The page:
Iași National Theatre

The Iași National Theatre (or Vasile Alecsandri National Theater; in Romanian: Teatrul Național Vasile Alecsandri) in Iași, Romania, is the oldest national theatre and one of the most prestigious theatrical institutions in Romania. In 1956, it was given the name of the renowned Romanian playwright and poet Vasile Alecsandri.

Vasile Alecsandri National Theatre
Teatrul Național „Vasile Alecsandri” din Iași
Great Theatre of Moldavia
Teatrul Național „Vasile Alecsandri” din Iași.JPG
Front view
Address18 Agatha Bârsescu Street
Iași
Romania
TypeNational theatre
CapacityLarge Hall 850 seats
The Cube Theatre 180 seats
Teofil Vâlcu Hall 100 seats
The Theatre Plant 100 seats
ProductionFântâna Blanduziei [1][2]
Construction
Opened1840
Rebuilt1894-1896
ArchitectFellner & Helmer
Website
www.teatrulnationaliasi.ro

HistoryEdit

 
The old building of the National Theatre, 1846

The first dramatic play presented in the Romanian language (and one of the first theatrical performance in Romanian[3]) was Mirtil and Hloe,[4] adapted and staged by Gheorghe Asachi, and held in the capital of Moldavia, Jassy/Iași, on 27 December 1816.[5] In 1834, a Romanian production took place in Iași on the stage of the Théâtre de varieté, built in 1832 for the French Fouraux troupe.

The National Theatre was founded on 15 May 1840, as the Great Theatre of Moldavia, when the Romanian language troupe, led by Costache Caragiali, was united with the French troupe, under a single direction of Vasile Alecsandri and the management of Costache Caragiali.[6] On 22 December 1846, a new audience hall was inaugurated in the former mansion of Prince Mihail Sturdza, on the Hill of Copou.[7]

BuildingEdit

On the night of 17/18 February 1888, the theatre building was destroyed by the fire.

The efforts to build the new theatre edifice culminated in 1894 when a contract was signed with the Viennese architects Ferdinand Fellner and Hermann Helmer, who designed several theatres and palaces across Europe, including the theatres in: Cluj-Napoca, Oradea, Timișoara and Chernivtsi (Romanian: Cernăuți).

 
The main auditorium

For the building work, a contract was signed with a Bucharest company, and the power station was built by a company from Berlin. The Theatre’s power station also supplied with electricity the 12 electric-arc lamps lighting the Theatre Square, marking the beginning of electrification in the city of Iași. The works to building took two years, and on 1 and 2 December 1896, the inauguration festivities took place with Flechtenmacher's National Overture, the vaudevilles Muza de la Burdujeni (The Muse from Burdujeni) by Costache Negruzzi and Cinel-cinel (The Riddle) by Vasile Alecsandri, as well as the verse comedy Poetul romantic (The Romantic Poet) by Matei Millo.

Nowadays, the building also hosts the Iași Romanian National Opera.

The Iași National Theatre building is listed in the National Register of Historic Monuments.[8]

ArchitectureEdit

With a Neoclassic exterior and a richly decorated interior in Rococo and Baroque styles, the building is considered one of the most elegant in Romania.[9]

The main auditorium is organised in stalls, boxes and a balcony. The curtain painted by the Viennese M. Lenz, presents in the middle, an allegory of life with its three stages and, to the right side, the allegory of Romanian Unification. The left-hand side, painted by Lenz’s apprentice, differs from the rest of the curtain in style and colouring.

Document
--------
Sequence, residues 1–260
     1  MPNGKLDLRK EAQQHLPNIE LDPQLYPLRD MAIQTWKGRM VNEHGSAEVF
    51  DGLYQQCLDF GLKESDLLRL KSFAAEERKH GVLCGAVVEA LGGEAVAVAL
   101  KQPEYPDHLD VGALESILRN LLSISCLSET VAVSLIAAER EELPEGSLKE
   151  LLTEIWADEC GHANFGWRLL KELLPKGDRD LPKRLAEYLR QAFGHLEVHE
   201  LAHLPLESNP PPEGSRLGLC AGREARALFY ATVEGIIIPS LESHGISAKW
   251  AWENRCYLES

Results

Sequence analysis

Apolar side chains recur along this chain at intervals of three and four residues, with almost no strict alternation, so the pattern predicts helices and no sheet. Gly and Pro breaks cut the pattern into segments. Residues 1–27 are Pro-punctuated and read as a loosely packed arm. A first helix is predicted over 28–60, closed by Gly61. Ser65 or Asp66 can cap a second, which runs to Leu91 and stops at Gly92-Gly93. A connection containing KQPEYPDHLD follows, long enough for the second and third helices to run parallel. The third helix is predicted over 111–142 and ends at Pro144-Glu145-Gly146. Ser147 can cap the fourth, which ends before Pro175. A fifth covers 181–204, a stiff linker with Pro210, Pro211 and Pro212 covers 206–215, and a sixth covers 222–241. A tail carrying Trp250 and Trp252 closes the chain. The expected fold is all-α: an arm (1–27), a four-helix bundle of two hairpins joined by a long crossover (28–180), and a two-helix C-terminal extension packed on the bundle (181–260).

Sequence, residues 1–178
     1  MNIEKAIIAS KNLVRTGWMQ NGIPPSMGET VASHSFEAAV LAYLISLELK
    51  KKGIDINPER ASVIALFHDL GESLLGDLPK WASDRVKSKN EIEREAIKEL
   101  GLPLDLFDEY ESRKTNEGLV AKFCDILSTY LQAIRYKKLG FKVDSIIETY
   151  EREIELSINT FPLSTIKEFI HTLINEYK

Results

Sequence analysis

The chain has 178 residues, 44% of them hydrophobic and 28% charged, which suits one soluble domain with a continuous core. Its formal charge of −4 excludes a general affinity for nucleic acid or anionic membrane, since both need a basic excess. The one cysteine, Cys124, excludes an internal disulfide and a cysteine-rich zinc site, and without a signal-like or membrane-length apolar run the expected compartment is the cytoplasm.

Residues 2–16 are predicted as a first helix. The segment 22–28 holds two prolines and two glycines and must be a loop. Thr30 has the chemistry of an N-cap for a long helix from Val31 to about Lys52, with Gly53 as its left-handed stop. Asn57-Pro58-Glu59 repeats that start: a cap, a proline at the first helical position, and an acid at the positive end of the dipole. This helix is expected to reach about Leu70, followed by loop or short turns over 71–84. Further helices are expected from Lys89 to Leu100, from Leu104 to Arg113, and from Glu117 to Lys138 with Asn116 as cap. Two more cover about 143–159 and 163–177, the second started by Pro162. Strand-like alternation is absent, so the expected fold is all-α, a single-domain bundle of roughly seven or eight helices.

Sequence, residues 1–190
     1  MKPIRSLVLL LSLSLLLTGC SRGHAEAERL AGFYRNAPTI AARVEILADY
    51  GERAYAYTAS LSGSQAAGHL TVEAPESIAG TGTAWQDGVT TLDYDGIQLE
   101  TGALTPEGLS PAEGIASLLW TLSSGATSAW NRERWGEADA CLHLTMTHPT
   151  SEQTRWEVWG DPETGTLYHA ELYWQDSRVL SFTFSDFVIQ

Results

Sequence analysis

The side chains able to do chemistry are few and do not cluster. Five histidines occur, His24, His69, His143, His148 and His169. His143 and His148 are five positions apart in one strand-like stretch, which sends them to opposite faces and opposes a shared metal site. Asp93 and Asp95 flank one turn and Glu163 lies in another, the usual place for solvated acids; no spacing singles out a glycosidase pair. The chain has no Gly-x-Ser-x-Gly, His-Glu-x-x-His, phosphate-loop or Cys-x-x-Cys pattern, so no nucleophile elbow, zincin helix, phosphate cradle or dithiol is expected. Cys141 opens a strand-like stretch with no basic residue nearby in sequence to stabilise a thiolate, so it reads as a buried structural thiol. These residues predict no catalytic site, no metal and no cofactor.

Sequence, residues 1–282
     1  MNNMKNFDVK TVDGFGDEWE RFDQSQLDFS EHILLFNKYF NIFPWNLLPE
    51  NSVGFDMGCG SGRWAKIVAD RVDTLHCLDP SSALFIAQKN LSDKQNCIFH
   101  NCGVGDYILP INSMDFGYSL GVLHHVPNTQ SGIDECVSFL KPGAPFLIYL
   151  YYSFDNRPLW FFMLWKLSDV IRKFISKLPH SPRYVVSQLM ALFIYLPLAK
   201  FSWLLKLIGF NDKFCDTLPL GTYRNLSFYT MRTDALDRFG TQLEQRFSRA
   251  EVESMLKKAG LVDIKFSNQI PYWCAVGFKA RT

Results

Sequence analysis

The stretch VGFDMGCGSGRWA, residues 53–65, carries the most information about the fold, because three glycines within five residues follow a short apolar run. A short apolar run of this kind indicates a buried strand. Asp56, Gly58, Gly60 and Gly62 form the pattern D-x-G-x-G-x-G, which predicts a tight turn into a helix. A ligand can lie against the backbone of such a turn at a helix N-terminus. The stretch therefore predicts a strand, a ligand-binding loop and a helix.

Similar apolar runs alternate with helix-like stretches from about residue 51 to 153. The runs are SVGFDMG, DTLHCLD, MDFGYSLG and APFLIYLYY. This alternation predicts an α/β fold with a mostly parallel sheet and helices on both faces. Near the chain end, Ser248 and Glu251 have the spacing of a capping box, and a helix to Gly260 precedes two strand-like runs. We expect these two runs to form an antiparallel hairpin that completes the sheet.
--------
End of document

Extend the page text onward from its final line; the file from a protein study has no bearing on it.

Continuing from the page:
The ceiling and the iron curtain were painted by Alexander Goltz. The iron curtain, which completely separates the scene from the hall, shows ornaments placed symmetrically, while the ceiling has as a narrative basis the Archetypal Story, shown in paradisiacal allegories, with nymphs and cupids framed in rococo stucco.[10]

The 1,418 electric lights and the chandelier with 109 Venetian crystal lamps light up a playhouse with a unique architectural personality.

ReferencesEdit

  1. ^ "Articole :: TEATRE, EDIFICII, SOCIETĂŢI ŞI ASOCIAŢII CULTURALE". Imagoromaniae.ro. Retrieved 25 February 2019.
  2. ^ "Archived copy". Archived from the original on 2012-07-22. Retrieved 2013-10-07.CS1 maint: archived copy as title (link)
  3. ^ Cornis-Pope, Marcel; Neubauer, John (25 February 2019). History of the Literary Cultures of East-Central Europe: Junctures and Disjunctures in the 19th and 20th Centuries. John Benjamins Publishing. ISBN 978-9027234551. Retrieved 25 February 2019 – via Google Books.
  4. ^ Solomon Gessner (1850). Mirtil şi Hloe: pastorală : cea întâiu piesă dramatică prezentată în limba română. Tipografia Institutul Albinei.
  5. ^ Țabrea, Dana (20 August 2016). "200 de ani: Mirtil și Hloe". Ziarul de Iași. ziaruldeiasi.ro.
  6. ^ Banham, Martin; Brandon, James (21 September 1995). The Cambridge Guide to Theatre. Cambridge University Press. p. 933. Retrieved 25 February 2019 – via Internet Archive. first first theatre performance Romanian.
  7. ^ "Teatrul National "Vasile Alecsandri" Iasi". En.teatrulnationaliasi.ro. Retrieved 25 February 2019.
  8. ^ "The Romanian Register of Historical Monuments in Iași County" (PDF). Patrimoniu.gov.ro. Retrieved 25 February 2019.
  9. ^ "IASI, Romania - Travel and Tourism Information". Rromaniatourism.com. Retrieved 25 February 2019.
  10. ^ "Istoric - Teatrul-National-Iasi". Sites.google.com. Retrieved 25 February 2019.

External linksEdit